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In 2019, the following numbers of dental personnel were reported for the WHO Africa region: 1
Average density per 10,000 population in the region was
The lowest and highest density of dentist per 10,000 population were in South Sudan (0.003) and Seychelles (4.287) respectively.1
The WHO estimates that oral diseases affect an estimated 480 million people in the WHO African region in 2019.2
60% of children suffering from dental diseases remain untreated at any given time.
With a dentist to population ratio standing at approximately 1:36,000, majority of the African population have little or no access to proper oral health care. In most industrialized countries this ratio stands at 1:2000, presenting a very different picture.
Registered number of doctors, nurses and dentists in Nigeria as at 2017. (Credit Premium Times, 2019)
Dental clinics and trained dental personnel whether in the public or private sectors are few and not evenly spread throughout many African countries.
In places where these resources are available, dental care is very expensive and not affordable by the majority of people.
Moreover, the dental clinics and private providers focus more on curative rather than preventive services.
African countries also face challenges with regards to inappropriate oral care training and education provided to dental students and frontline nurses that are responsible for educating local people about preventive oral healthcare.
Given the serious inadequacy in the number of dentists and oral hygienists in most African countries, health leaders have a duty to look urgently at cost effective options to improve the oral health of the population.
To this end, massive population-based health education campaign suggests itself.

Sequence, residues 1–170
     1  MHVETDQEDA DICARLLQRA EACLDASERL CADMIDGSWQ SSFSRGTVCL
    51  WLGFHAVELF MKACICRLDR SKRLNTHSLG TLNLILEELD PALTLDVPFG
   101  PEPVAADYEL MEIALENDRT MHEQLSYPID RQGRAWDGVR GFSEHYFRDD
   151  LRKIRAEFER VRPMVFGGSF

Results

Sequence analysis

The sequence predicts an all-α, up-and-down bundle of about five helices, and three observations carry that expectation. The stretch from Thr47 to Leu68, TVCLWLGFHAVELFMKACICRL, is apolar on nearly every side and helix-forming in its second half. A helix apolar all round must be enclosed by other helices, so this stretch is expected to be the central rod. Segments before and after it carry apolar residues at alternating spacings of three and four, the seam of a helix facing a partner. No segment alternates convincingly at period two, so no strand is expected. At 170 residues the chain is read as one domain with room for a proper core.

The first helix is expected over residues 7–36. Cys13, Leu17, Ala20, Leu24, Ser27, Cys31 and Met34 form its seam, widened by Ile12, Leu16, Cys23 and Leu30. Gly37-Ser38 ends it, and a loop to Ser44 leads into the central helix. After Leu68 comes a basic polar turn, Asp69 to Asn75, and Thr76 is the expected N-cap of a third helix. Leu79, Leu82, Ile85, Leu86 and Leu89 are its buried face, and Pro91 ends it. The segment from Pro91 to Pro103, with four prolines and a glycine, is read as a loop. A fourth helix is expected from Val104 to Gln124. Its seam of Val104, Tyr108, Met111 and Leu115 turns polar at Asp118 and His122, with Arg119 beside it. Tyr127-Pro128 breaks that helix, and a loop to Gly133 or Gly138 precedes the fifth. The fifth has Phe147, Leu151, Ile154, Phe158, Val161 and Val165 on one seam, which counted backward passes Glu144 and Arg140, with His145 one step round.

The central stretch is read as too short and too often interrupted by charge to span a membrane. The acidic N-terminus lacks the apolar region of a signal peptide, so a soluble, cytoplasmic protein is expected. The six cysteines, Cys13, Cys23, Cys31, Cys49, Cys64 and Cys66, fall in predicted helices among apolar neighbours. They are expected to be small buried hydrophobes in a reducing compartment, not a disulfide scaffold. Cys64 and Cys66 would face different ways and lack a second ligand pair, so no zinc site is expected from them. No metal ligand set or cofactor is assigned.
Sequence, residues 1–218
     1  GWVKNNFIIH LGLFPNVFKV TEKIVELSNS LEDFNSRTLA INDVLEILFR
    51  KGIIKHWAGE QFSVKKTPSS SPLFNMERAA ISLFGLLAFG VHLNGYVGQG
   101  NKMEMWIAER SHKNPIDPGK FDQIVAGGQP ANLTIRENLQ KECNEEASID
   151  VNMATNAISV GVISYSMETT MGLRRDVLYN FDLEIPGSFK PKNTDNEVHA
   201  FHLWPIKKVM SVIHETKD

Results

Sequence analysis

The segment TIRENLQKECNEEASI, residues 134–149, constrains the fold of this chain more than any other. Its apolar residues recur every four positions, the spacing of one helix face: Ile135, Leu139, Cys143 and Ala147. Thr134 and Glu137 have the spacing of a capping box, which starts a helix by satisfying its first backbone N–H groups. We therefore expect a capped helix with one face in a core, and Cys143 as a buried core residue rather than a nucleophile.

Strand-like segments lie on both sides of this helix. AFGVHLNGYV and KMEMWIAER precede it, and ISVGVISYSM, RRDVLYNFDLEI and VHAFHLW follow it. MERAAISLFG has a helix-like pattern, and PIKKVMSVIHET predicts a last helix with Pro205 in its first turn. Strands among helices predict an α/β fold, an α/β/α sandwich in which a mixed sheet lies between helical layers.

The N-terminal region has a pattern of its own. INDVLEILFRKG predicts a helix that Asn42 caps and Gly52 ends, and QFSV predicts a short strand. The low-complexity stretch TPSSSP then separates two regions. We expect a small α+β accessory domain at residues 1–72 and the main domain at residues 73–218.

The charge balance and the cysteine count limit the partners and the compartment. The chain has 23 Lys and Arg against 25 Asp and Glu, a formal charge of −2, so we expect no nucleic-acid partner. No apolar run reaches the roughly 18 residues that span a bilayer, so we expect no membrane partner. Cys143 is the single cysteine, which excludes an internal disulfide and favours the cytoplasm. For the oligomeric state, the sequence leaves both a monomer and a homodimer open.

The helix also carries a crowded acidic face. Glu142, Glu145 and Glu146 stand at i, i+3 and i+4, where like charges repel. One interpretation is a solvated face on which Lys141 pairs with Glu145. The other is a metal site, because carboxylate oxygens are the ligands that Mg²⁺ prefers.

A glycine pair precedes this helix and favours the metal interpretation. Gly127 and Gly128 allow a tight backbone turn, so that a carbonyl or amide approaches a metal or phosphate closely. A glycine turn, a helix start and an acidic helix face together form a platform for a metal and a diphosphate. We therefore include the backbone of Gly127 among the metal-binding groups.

The core objective of such campaign will be to educate the population in how to take personal responsibility for their oral health so as to prevent costly cures.
For example, awareness should be created among local people to brush their teeth every day in the morning and evening with fluoride toothpaste or alternatively chew sticks where tooth pastes are not available or too costly to buy.
Studies show that brushing everyday prevents plaque formation and reduces the incidence of tooth decay by about 50%.
Education should also be provided to create awareness about:
These three activities help people maintain optimum oral health.
Nutrition also plays a big role in dental health. Oral hygiene and nutrition are linked.
Studies have found that poor diet is associated with increased chances of oral disease.
Therefore it is extremely important to make people aware about what constitutes a healthy food for proper oral health.
For example, sugar is an empty calorie food because even though it provides calories, it does not provide any nutrition. Sugar heavy diet and unhealthy food will fill the stomach and eliminate hunger, but will not provide nutrition your body needs to stay healthy and to grow and develop.
Creating awareness and educating people is important but not sufficient to instill consistent brushing habit.
This requires a behavioural change wherein people make it part of their life to brush day and night every day.
It should become part of the social norm.
This is something that government cannot do all alone.
With effective government partnership with non-governmental organisations (NGOs), teachers, midwives, and community health workers, working at the grass root level, gradual changes in the habit of the general population can be created.
This calls for a strong partnership to develop strategies that is inclusive to everyone including children in rural areas, pregnant women and the elderly.